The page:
Time to start packing your bags: We’ve got the details on the incredible cidery space that Wild Child Cellars is opening in Turner’s Falls, Massachusetts later this year. It will be housed in a 20,000-square-ft. paper mill built in 1880 and, once open, this will be the kind of place that your cider dreams are made of!
The enterprise is the joint effort of two cider world notables: Curt Sherrer of Millstone American Farmhouse Cidery and April Woodard, who has sat on the board of Franklin County CiderDays and worked with Sherrer at Millstone. The duo met in 2016 at CiderDays and hit it off.
“He came to see me speak and I guess he liked my vibe and level of expertise and invited me to Millstone to work on some projects he has going on,” Woodard remembers. “We had such complementary skills and worked in harmony … the pieces seemed to start coming together, our methods and ethos were fairly aligned and that was a big draw to think about doing it on a pro level.”
The process of searching for the right space took time and effort, but they practically stumbled onto finding the paper mill.
Sherrer recalls that they were talking to a fellow artist who lives across the street from the mill property. “I was saying, ‘We need a place where it’s cold, damp and dark,’ and he pointed across the street and said, ‘There’s your building.’”
The two saw the mill across the road and soon found out that, almost unbelievably, it was for sale. “The process of buying it was long and arduous, but we’re going to settle on April 30, then getting equipment and making upgrades,” Sherrer says.
The enormous space will comprise Wild Child Cellar’s cidermaking operation, a 1,400-foot cider bar, a multipurpose space for classes, music and performances and plenty of extra space which they hope to lease to other craftspeople. The stunning architecture features brick archways, original windows and exposed brick basically as far as the eye can see. The property is also beautiful, as the space is technically located on an island between the Connecticut River and a small canal. All around is lush meadows, forests and wildlife.
But the real score, as far as Woodard and Sherrer’s cidermaking plans go, is the underground cellar, original to the structure and wonderfully temperature controlled.
“The core is having a fantastic fermentation area. It’s deep underground, lined with laid up stone walls,” Sherrer says. “At Millstone, we took an old grist mill and rehabbed that and it goes along with our thinking: ‘Let’s take what is old and make it new again.’”
Woodard agrees, enthusing, “It feels like you’re walking into a European wine storage cellar — you feel the age, the dampness of the space. It’s magical and beautiful with the barrels. It’s so special and it really fits the bill for what we’re doing.”
What they’re doing, and plan to do more of, is making the rustic, farmhouse ciders, similar to the style Sherrer has become known for.
“The way we’ve been making cider at Millstone for the past seven years is very much the way we’ll be doing it here,” he explains. “Bringing in very mature, low-yield apples, my focus in the orchard is not how much crop I can get … it’s more about what’s the very most concentrated apple we can get. We bring those apples in, grind them up, make the juice, don’t add any sulfites, it goes into the barrel, all those yeast and cultures are there and then we let it ferment, low and slow for 6 months, 8 months, a year and let the flavors develop.”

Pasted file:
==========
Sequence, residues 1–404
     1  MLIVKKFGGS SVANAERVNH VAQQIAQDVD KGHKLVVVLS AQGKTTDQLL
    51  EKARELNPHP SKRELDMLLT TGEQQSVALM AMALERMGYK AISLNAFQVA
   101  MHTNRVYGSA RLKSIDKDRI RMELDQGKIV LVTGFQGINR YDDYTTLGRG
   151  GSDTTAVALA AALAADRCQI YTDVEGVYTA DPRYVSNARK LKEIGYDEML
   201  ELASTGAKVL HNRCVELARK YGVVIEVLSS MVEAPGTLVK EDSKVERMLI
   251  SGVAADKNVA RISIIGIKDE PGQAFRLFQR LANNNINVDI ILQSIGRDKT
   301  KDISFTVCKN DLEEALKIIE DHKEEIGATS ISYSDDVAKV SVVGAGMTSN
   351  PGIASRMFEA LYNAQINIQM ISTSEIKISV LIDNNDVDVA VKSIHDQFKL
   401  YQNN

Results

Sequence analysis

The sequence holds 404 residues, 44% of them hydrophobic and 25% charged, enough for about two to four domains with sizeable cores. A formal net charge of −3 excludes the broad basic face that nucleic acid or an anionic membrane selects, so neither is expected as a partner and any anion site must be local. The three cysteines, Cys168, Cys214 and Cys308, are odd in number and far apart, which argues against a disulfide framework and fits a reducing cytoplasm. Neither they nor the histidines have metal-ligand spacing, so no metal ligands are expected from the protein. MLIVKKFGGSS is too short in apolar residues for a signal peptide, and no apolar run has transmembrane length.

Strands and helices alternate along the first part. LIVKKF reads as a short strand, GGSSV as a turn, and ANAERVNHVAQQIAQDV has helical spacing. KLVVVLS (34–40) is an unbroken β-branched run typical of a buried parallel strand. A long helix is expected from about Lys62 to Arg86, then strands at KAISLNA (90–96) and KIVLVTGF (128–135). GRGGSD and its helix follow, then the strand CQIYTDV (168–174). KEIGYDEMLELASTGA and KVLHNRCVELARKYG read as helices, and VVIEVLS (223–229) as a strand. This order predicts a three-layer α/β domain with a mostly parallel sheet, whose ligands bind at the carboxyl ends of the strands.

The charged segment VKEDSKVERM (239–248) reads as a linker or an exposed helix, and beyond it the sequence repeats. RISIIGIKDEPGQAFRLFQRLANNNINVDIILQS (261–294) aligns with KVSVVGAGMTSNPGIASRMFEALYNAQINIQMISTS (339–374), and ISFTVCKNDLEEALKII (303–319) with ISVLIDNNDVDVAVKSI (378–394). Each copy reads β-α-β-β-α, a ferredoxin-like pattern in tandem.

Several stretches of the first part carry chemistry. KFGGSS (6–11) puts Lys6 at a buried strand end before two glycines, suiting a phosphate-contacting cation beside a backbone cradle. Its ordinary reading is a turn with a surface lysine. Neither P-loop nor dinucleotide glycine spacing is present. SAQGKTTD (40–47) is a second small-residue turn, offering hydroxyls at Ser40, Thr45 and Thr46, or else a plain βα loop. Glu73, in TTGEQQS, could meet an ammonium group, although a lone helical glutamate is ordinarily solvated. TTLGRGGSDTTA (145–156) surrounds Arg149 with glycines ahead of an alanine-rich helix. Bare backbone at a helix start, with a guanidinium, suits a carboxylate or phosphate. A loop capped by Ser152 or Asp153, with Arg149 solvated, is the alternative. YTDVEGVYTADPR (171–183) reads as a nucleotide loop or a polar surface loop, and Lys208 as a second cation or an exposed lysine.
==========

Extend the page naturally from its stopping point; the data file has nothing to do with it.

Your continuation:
“We’re both into a slow and low fermentation, and we both put a high value on everything local,” Woodard adds. “ Our processes are really simple, we don’t try to over-process things.”
Currently, they’ve been sourcing apples from Pine Hill Orchards in Colraine, Massachusetts and other orchardists in Western Mass. They’re also always on the lookout for local, wild apples. While production will increase once the cidery is up and running, their plan is to keep things relatively small, with a probably max capacity of 5,000 gallons (per year).
“If you want to make a really high-quality cider you can’t make mega gallons,” Sherrer says. “We’re going to stay small forever.”
Future plans for Wild Child Cellars include planting apple trees around the old mill.
“Our dream is to cover the whole island in apple trees … orchards like you’d see 150 years ago, with minimal pruning, very minimal spraying, and that way you get the ugly apples, higher in sugars, phenols, antioxidants and flavors,” he says. “And when they’re dropping out of the tree, that’s called harvest for us.”
Though their focus is on simple, slow food and methodology, Woodard and Sherrer insist that they also want to have fun with their cidermaking. A bourbon cider is in the plans, and they’re talking about doing a juniper berry, or perhaps a chogga lavender-infused cider. Eventually, they will also begin distilling to crate calvados and Pommeau-type products.
“We want to incorporate a nuance, and essence of something,” Woodard says. “What I want is for my cider to tell a story from the nose to the back of your throat.”
Renovation of the mill is to begin soon, and Woodard and Sherrer hope to have at least the event space open this summer. They are thrilled to be a part of the revival of Turner’s Falls, a charming, artsy mill town, and hope to add to its growth as a destination in Massachusetts. They also hope to be able to rent out space in the mill to a restaurant, or perhaps cheese makers, as there is plenty of room in the cellars for cheese caves. They both urge people to get in touch in terms of event rentals, leasing or other types of collaborations. Their vision for this paper mill is shaping up to be so much more than a home for their own cidery — it’s more like a little utopian slice of the earth where food, art and music can all come together against a serene, beautiful natural backdrop.
Sherrer sums it up: “I could not have dreamed up a more perfect setting for our cidery.”
- Photos: Wild Child Cellars